Factors Associated with Nurses Emotional Distress During the COVID-19 Pandemic

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Background: Nurses are among the frontline healthcare workers directly impacted by the burden of the coro-navirus disease of 2019 (COVID-19) pandemic. This study aimed to examine the prevalence of emotional distress and the associated factors among nurses practicing in South Dakota during the COVID-19 pandemic. Methods: An online survey was conducted among practicing, licensed nurses in South Dakota during the pandemic (July 2020 – August 2020). Emotional distress was measured using the Depression, Anxiety, and Stress Scale (DASS-21). Logistic regression models were performed to examine the association of emotional distress and the three DASS-21 subscales with: sociodemographic and work environment factors (e.g., work setting, job satisfaction, number of COVID-19 cases seen at the facility, preparedness, concerns with worsening pre-exiting mental health conditions due to the pandemic, and contracting the illness). Results: Among 1505 participants, overall emotional distress was reported by 22.2%, while anxiety, depression and stress were 15.8%, 14.5% and 11.9%, respectively. Factors associated with moderate to severe emotional distress, depression, anxiety, and stress were as follows: concerns for worsening of pre-existing mental health conditions, job dissatisfaction, encountering higher number of COVID-19 cases at one's work facility, feeling unprepared for the pandemic, and concern for contracting the illness (all p <0.05). Conclusions: Our study suggests a high prevalence of emotional distress among nurses and highlights the factors associated with emotional distress during the COVID-19 pandemic. Promoting appropriate support is imperative to reduce nurses' emotional distress and promote psychological well-being during the COVID-19 world health crisis and in future pandemics.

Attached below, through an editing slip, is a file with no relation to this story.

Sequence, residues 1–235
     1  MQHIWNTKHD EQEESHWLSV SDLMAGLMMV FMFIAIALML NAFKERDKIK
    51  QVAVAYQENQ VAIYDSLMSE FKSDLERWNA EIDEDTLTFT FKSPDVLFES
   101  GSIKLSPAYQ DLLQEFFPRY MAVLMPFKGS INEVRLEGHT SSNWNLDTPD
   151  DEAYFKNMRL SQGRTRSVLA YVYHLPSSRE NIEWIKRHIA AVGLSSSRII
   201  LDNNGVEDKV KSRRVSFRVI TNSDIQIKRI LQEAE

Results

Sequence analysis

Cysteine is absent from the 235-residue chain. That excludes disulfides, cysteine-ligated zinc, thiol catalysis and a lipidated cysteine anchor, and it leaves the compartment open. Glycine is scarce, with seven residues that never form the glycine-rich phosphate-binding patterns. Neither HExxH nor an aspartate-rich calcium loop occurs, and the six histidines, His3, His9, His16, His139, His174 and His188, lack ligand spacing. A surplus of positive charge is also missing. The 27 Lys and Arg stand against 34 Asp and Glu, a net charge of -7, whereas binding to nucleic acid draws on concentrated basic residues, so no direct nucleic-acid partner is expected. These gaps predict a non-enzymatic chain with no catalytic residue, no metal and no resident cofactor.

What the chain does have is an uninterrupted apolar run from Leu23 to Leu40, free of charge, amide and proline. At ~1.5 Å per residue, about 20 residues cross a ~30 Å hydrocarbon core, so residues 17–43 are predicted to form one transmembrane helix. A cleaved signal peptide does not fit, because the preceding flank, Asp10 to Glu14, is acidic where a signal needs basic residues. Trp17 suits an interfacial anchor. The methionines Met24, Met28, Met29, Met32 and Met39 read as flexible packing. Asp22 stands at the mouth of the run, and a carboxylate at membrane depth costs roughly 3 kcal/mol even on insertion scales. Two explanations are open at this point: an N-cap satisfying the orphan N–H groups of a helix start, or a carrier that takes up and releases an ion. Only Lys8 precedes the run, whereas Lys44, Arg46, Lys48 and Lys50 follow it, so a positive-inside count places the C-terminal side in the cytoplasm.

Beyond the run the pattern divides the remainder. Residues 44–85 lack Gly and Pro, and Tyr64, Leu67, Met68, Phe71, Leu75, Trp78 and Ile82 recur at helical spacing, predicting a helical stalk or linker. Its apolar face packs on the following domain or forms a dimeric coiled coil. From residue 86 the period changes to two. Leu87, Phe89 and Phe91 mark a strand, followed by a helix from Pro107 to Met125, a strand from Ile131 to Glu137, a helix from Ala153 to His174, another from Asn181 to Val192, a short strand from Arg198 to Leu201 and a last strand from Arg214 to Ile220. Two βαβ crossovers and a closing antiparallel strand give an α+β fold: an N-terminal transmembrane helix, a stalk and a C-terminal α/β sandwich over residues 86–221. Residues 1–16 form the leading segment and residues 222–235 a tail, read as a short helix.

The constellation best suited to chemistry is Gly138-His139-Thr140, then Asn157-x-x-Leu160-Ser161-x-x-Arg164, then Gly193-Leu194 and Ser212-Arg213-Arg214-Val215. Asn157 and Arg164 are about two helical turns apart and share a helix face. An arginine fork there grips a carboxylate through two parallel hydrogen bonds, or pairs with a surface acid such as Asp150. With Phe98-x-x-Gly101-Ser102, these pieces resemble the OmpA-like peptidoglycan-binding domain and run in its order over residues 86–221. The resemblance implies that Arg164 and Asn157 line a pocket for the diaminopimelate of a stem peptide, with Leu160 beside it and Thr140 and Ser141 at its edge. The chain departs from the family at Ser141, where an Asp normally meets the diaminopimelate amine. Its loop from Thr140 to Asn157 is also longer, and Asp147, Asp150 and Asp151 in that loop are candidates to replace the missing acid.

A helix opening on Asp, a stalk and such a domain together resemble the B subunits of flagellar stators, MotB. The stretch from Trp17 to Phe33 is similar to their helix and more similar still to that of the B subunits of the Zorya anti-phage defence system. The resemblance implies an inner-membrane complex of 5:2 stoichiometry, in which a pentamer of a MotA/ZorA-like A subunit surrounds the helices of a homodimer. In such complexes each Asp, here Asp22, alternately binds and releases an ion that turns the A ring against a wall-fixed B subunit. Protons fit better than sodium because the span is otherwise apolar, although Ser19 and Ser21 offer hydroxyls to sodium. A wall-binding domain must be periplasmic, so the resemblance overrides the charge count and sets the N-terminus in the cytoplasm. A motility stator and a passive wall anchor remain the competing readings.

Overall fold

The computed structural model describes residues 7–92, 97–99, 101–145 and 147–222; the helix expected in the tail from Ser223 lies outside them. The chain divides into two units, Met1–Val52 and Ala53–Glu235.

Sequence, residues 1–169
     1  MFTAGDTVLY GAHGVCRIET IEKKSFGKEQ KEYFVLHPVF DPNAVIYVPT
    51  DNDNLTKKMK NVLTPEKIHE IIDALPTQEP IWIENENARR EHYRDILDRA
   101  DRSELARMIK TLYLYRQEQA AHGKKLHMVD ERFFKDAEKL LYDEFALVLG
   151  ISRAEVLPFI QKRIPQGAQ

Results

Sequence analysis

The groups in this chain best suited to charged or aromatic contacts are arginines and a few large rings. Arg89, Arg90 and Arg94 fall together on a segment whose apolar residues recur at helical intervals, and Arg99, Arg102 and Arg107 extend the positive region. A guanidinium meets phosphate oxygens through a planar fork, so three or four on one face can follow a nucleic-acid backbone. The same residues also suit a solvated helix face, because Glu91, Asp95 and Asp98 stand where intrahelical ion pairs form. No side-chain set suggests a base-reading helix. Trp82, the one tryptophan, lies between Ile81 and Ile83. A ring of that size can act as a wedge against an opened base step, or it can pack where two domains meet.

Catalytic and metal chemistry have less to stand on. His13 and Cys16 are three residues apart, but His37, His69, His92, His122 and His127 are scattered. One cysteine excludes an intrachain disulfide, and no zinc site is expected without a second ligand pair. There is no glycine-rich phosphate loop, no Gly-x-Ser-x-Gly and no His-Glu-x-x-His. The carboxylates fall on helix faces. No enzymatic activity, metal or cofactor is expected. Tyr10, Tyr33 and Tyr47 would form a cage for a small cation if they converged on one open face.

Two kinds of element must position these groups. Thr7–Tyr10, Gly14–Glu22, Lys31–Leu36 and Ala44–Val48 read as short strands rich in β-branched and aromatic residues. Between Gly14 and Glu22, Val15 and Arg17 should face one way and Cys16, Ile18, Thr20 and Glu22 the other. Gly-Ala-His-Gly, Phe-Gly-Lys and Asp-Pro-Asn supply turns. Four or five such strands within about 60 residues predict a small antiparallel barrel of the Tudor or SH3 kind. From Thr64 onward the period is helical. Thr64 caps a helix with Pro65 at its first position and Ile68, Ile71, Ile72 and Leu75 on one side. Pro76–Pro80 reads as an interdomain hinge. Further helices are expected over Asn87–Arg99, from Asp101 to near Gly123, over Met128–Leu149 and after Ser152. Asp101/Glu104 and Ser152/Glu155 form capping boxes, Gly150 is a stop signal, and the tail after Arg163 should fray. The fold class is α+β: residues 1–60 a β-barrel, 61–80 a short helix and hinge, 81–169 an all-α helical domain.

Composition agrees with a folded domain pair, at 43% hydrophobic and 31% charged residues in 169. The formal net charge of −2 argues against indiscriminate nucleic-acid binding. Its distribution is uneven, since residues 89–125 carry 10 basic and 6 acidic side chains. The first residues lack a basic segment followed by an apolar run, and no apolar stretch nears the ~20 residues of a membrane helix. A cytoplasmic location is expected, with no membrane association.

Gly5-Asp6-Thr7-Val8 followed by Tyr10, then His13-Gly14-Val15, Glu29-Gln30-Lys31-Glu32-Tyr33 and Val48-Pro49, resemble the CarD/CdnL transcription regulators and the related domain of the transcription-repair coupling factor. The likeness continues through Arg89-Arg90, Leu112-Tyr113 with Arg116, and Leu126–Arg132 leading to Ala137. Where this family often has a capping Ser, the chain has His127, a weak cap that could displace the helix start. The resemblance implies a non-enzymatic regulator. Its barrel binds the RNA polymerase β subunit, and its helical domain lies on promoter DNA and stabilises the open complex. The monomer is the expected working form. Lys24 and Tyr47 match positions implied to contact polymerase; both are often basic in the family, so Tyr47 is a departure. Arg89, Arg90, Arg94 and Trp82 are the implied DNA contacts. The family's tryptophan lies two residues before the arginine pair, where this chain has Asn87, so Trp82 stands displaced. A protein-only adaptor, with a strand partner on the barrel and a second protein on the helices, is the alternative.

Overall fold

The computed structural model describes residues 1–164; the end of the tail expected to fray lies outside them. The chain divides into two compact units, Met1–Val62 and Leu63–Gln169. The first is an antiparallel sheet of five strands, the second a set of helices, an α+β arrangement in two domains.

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Applied Nursing Research



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Article number: 151502

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